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Books Books 1 - 10 of 13 on Therefore, a prudent ruler ought not to keep faith when by so doing it would be against....
" Therefore, a prudent ruler ought not to keep faith when by so doing it would be against his interest, and when the reasons which made him bind himself no longer exist. If men were all good, this precept would not be a good one; but as they are bad, and... "
The Great Illusion: A Study of the Relation of Military Power in Nations to ... - Page 43
by Norman Angell - 1911 - 407 pages
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Education, Volume 44

1924
...of whatever kind, and resort to any deceit to execute its will. "A prudent ruler," said Machiavelli, "ought not to keep faith when by so doing it would be against his interest, and when the reasons that made him bind himself no longer exist". This, in general is the...
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A Society of States: Sovereignty, Independence and Equality in a League of ...

William Teulon Swan Stallybrass - 1919 - 243 pages
...highest moral duty of a State is to maintain its power.6 . . . The State is the supreme human 4 So Machiavelli: "A prudent ruler ought not to keep faith when by so doing it would be against his interest, and when the reasons which made him bind himself no longer exist " (The Prince, ch. 18)....
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A Society of States: Sovereignty, Independence and Equality in a League of ...

William Teulon Swan Stallybrass - 1919 - 243 pages
...highest moral duty of a State is to maintain its power. 6 . . . The State is the supreme human 4 So Machiavelli: "A prudent ruler ought not to keep faith when by so doing it would be against his interest, and when the reasons which made him bind himself no longer exist" (The Prince, ch. 18). Hence...
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The Forum, Volume 36

1904
...found its inspiration in the advice given by Machiavelli, who lays down the precious doctrine that " a prudent ruler ought not to keep faith when by so doing it would be against his interest, and when the reasons which made him bind himself no longer exist. Nor are legitimate grounds...
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The Dramatist and the Received Idea

...almost axiomatic, is for Shakespeare neither natural nor logical. I can illustrate, conveniently, from Machiavelli: a prudent ruler ought not to keep faith when by so doing it would be against his interest, and when the reasons which made him bind himself no longer exist. If men were all good, this...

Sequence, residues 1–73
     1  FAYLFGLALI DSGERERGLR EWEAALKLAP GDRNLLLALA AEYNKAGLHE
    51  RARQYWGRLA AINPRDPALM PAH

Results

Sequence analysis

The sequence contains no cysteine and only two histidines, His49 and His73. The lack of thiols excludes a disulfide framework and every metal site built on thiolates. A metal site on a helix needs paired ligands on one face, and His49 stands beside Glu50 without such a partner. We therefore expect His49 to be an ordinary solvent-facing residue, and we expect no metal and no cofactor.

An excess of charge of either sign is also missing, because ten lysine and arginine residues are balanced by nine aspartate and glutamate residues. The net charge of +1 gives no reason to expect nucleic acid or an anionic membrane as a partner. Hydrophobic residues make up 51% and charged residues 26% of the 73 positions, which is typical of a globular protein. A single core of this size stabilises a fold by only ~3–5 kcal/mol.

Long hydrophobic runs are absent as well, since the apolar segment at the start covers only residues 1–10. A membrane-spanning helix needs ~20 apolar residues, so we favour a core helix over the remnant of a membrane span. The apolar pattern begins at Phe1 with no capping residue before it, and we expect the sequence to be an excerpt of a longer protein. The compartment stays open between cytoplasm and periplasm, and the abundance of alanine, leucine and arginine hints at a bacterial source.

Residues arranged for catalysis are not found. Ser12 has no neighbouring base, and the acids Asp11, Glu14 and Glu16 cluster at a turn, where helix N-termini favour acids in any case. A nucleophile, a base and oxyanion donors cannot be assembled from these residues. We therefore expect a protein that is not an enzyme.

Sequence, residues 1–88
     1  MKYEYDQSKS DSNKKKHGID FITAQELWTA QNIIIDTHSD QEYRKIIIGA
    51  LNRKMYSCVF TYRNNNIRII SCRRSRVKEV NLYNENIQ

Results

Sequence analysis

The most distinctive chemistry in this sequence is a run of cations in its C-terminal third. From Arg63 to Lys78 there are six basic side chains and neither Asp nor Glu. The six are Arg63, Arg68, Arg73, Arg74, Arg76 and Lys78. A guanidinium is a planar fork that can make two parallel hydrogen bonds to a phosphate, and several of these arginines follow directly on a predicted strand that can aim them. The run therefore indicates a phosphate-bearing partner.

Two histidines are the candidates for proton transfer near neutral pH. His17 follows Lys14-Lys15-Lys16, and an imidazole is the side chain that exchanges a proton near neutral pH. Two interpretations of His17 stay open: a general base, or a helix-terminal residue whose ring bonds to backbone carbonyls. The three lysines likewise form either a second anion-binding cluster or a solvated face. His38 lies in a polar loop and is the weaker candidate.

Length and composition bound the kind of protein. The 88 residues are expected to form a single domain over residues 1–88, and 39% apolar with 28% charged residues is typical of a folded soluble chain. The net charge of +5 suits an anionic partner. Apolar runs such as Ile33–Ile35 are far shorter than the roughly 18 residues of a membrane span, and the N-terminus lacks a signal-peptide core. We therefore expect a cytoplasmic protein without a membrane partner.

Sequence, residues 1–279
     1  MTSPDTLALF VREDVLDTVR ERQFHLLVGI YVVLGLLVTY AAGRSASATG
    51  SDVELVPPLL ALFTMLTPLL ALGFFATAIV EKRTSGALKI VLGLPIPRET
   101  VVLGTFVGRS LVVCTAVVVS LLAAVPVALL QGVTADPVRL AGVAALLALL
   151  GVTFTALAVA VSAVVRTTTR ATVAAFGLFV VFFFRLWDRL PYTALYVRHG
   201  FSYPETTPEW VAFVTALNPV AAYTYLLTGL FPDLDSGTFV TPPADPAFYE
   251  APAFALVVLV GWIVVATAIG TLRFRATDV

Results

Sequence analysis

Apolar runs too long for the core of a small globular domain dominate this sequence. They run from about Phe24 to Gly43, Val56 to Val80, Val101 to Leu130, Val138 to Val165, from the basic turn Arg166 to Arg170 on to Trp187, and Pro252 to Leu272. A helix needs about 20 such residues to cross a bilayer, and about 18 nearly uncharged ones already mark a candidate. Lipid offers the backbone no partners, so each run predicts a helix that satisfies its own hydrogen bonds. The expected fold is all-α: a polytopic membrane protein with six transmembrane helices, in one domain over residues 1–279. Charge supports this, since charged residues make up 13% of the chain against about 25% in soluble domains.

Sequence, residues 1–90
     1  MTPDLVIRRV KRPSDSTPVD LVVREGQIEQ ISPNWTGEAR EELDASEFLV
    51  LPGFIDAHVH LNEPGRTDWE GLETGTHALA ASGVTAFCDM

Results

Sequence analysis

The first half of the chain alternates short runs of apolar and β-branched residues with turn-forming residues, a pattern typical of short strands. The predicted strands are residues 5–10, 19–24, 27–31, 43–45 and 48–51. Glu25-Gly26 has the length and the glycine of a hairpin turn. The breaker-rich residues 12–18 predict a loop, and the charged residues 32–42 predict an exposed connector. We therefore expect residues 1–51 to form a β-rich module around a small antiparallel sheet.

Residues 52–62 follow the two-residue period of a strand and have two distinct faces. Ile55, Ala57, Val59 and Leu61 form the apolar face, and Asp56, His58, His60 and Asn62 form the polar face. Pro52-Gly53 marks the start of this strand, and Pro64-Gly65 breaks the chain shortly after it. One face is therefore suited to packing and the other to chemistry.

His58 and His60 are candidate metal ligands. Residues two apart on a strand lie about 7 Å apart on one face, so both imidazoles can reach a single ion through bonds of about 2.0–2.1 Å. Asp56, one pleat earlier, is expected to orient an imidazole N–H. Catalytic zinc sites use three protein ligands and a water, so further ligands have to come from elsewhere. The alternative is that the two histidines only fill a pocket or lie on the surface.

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Shutdown at Youngstown: Public Policy for Mass Unemployment

Terry F. Buss, F. Stevens Redburn - 1983 - 219 pages
...Valley'," 1978). 5. By Machiavellian, we mean acting exclusively out of self-interest. According to Machiavelli, "A prudent ruler ought not to keep faith when by so doing, it would be against his interest, and when the reasons which made him lend himself no longer exist." (The Prince: Chapter 18)...
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The Italian Renaissance

Renaissance Society of America - 1993 - 184 pages
...and a lion to frighten wolves. Those that wish to be only lions do not understand this. Therefore, a prudent ruler ought not to keep faith when by so doing it would be against his interest, and when the reasons which made him bind himself no longer exist. If men were all good, this...
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Magisterial Imagination: Six Masters of the Human Sciences

Max Lerner - 1994 - 219 pages
...for the lion cannot protect himself from traps, and the fox cannot defend himself from wolves. ... A prudent ruler ought not to keep faith when by so doing it would be against his interest, and when the reasons which made him bind himself no longer exist. ... It is not, therefore,...
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Handbook of Organized Crime in the United States

Robert J. Kelly, Ko-lin Chin, Rufus Schatzberg - 1994 - 542 pages
...among members of the contracting population."106 The Machiavellian remedy is preemptive opportunism: "A prudent ruler ought not to keep faith when by so doing it would be against his interest, and when the reasons which made him bind himself no longer exist."107 But Williamson suggests...
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Political Style: The Artistry of Power

Robert Hariman - 2010 - 267 pages
...principle of the ruler's thinking by emphasizing the necessity of concealing one's motives. "Therefore, a prudent ruler ought not to keep faith when by so doing it would be against his interest" (p. 64). His argument here extends across the eighteenth chapter: Speech itself is naturally...
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